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Seven signs of a gifted child

Seven signs of a gifted child

posted by Karen Quinn, The Testing Mom - October 15th, 2014

There are so many gifts and talents that include creativity, sports, music, arts but an IQ test evaluates a child’s academic gifts. IQ scores that put children in the gifted and talented range for academics are:

  •     131 – 145 – Moderately Gifted
  •     146 – 159 – Highly Gifted
  •     160 – 179 – Exceptionally Gifted
  •     180+ – Profoundly Gifted


Not only with IQ, there are other ways a gifted child can be identified. Here are the top seven signs of a gifted child:

  • Reasons well (good thinker)
  • Learns rapidly
  • Has extensive vocabulary
  • Has an excellent memory
  • Has a long attention span (if interested)
  • Perfectionistic
  •  Prefers older companions or adults
  • Source:  Gifted Development Center, Dr. Linda Silverman (site: Gifted Development)

Note: There are several more characteristics beyond those listed above.

NYC Gifted and Talented test

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Since Testing Mom launched we’ve helped tens of thousands of parents across the country with preparation for the gifted and talented test. For parents who had a child score in the 99th percentile gave us their tips on how they prepared their child. Here are a few of the many tips we’ve received:

  • We always kept our test prep fun and playful!
  • We worked on building test-taking skills as much as we worked on the abilities that were being assessed.  It took a while for our son to understand that he really had to listen to and remember the questions being asked and that the pictures represented answer choices.  We taught him to listen to the instructions, look at all the answers, and eliminate what was clearly wrong.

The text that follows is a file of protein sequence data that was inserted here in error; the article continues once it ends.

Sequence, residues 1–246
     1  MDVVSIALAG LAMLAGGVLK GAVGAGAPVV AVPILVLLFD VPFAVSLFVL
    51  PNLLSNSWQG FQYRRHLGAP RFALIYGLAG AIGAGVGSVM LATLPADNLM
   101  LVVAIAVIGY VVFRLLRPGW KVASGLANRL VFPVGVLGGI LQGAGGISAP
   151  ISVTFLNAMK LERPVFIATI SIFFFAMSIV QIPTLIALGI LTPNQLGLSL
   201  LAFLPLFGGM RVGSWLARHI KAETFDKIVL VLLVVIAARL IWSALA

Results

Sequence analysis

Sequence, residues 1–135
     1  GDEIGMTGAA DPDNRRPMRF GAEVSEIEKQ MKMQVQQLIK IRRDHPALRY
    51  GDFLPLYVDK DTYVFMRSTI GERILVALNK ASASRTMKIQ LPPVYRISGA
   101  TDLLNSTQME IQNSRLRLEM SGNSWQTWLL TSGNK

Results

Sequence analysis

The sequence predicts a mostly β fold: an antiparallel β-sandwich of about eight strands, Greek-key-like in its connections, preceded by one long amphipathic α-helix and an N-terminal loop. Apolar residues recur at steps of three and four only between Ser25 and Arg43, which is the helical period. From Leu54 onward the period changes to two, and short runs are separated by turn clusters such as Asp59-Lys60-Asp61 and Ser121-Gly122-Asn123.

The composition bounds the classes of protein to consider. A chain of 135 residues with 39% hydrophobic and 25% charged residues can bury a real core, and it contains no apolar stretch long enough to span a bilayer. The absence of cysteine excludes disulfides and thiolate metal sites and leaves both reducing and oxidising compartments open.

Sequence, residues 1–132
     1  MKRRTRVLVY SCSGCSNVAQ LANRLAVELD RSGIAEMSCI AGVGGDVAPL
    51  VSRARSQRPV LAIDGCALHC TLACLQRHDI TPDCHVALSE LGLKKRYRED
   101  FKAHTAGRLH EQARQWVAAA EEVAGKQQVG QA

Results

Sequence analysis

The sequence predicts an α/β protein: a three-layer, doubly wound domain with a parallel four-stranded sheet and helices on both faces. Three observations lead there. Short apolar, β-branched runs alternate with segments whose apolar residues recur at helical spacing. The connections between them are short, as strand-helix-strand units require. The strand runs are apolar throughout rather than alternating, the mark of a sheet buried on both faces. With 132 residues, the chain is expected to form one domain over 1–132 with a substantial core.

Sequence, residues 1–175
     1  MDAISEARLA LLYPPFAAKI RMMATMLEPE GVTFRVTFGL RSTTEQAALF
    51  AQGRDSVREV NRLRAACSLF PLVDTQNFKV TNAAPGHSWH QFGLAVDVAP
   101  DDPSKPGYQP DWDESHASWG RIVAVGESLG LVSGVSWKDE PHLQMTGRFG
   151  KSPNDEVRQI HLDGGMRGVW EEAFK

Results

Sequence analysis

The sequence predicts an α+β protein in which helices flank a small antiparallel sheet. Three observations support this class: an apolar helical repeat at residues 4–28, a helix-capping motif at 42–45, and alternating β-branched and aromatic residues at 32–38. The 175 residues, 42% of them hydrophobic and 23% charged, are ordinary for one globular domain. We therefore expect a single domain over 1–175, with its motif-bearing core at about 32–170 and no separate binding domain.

• At first, my son could only sit still and focus for about 10 minutes; every day we added a few more minutes to our practice until he could focus for almost an hour!  We would set an egg timer each time we worked, which my son loved.
  • We spent a lot of time working on our son’s listening and following directions skills because that was so important for test taking.
  • When questions were hard for my daughter, I talked through the logic with her so that she would ultimately know how to solve each problem.
  • I often pretended to be stumped by a question myself and let my child help me.
  • When my daughter resisted, it was usually because the questions were getting harder.  Then, we’d back up and do easier questions to give her confidence to tackle the harder ones.
  • We never called it test prep – We called it “Zany Brainy Games” or “Puzzlers.”

Start today with 100 free practice questions on Testing Mom!

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3 Responses


If your child is truly gifted you don’t need to prepare them. They are inquisitive and already will score highly.


I agree 100% with Mary. Gifted children excell on the gifted test on their own. I’m sure bright children can be taught to learn how to tackle test questions. However, in my experience, if you try to prepare a gifted child for the test, it could have an opposite effect; they may instead under-perform.


I’m a 4th/5th grade gifted teacher with a masters in gifted education. I have seen children pass the tests after being coached, but then struggle in gifted classes. There is a difference between being gifted and being smart. Not all gifted children make the best grades and just because you are smart does not make you gifted. It is ok if you child does not make it into a gifted program. The biggest disservice is placing you child in a program not fit for them. They can become discouraged very easily.

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